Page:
I am a user of Trend CSM which does a pretty good job of killing viri and spam. You still suffer some traffic/overhead dealing with ndr and directory lookup when you are getting spammed. I have a guide Microsoft Exchange 2003 by William R. Stanek which has some things to reduce some of this hassle. Les Conner, another SBS MVP discovered the same things about the same time I did.
Open the Exchange System Manager and find Global Settings/ Internet Message Formats/Advanced. I do not check the first three boxes and the last three are checked. I do sometimes clear the Allow non-delivery reports when I am doing post attack cleanup. Clearing that box is not RPC compliant so you really should have it checked.
Same general area but go to Message Delivery. I have had a few accounts get blacklisted as spammers because they were trying to send out mass emails. There are programs to help you mass email without looking like a spammer. I’ll list one once I find that program. Go to the defaults page. I set the maximum number of recipients to 100. It works for most. Recipient Filtering tab. I check the Filter recipients not in the directory. Exchange does not waste any more time processing recipeints who are not in Active Directory. I think these messages sit around in the messge queues and eventualy go away. I have not confirmed that theory. You should get a notice that you need to do one more step. Head over to your default virtual server.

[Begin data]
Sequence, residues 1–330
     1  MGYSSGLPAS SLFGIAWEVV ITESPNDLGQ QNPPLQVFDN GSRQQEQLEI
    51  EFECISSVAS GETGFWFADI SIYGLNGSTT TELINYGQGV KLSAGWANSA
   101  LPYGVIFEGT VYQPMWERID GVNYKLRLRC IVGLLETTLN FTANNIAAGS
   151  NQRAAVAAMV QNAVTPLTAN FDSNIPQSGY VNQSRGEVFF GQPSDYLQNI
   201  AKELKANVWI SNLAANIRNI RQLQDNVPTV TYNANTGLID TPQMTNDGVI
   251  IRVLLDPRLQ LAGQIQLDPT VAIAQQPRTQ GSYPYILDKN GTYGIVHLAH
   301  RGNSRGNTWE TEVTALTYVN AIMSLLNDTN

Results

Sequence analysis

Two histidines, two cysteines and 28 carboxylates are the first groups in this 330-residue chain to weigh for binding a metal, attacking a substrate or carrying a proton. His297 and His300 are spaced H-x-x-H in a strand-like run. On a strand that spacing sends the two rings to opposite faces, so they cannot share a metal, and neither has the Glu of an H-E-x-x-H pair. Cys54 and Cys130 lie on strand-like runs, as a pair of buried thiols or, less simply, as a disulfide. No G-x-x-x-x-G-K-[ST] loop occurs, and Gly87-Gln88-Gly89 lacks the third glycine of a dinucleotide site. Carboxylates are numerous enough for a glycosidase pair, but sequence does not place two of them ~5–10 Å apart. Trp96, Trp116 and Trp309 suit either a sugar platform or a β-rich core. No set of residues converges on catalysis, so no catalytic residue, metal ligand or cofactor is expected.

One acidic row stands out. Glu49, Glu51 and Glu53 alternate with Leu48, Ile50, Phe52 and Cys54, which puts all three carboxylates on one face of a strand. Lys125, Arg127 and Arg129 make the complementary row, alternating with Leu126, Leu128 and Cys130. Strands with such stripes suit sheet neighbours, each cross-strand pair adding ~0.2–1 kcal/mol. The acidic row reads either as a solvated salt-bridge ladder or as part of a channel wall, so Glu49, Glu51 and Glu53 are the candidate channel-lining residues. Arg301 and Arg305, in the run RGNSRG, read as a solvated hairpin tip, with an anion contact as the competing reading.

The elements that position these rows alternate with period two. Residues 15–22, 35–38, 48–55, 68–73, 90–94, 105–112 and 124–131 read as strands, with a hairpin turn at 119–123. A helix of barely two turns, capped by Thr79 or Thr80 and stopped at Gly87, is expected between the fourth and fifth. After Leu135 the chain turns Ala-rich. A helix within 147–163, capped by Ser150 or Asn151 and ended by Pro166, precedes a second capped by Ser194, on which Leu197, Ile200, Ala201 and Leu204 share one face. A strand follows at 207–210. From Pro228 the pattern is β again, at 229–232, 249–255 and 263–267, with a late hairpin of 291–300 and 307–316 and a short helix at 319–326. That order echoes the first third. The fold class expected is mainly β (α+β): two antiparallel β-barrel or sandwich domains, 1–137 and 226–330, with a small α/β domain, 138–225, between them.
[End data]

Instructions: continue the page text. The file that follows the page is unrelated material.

In ESM click on Servers\your server name\Prtocols\SMTP\Default SMTP Virtual Server\Right click-Properties\Advanced\Edit and check all three boxes. If you don’t check these boxes that recipient filter for one does not work.
I like to set the FQDN in the Default SMTP Virtual Server. Go to Delivery and Advanced. Sometimes other servers may block email if you do not have this populated with the same record as your MX record. Of course this brings up the question of what happens if your Exchange server is responsible for 2 or more email domains? I do not know that answer. It seems like a silly way to authenticate.
I check make sure that in Default SMPT Virtual Server\Access\Relay that I clear the checkmark for all computers which successfully authenticate. You only need this if you have external users that are sending against your box without using Outlook or OWA. I never have anyone doing this so I clear it always. It reduces the chances of a spammer guessing an account and password and spamming against your server.
Use “strong“ passwords. There is great debate on this but at least try. I like 8 characters and complex. In SBS there is a password wizard. In AD it just a few clicks to enable.
Get your isp to make a reverse dns entry. They should know what this means. AOL and other businesses may only accept email if you have a reverse dns entry. See www.dnsstuff.com for some cool testing tools and more answers.
There are gazillions of articles at Microsoft.
mail relay settings Kind of complex article
Telnet to test your port 25
Anti spam for Exchange 2000. I always clear that checkbox that allows authenticated users to relay.
This guy has lots of great articles. Here is one on Mail eXcahnge records.Yes that is typed correctly. Think MX.http://www.petri.co.il/configure_mx_records_for_incoming_smtp_email_traffic.htm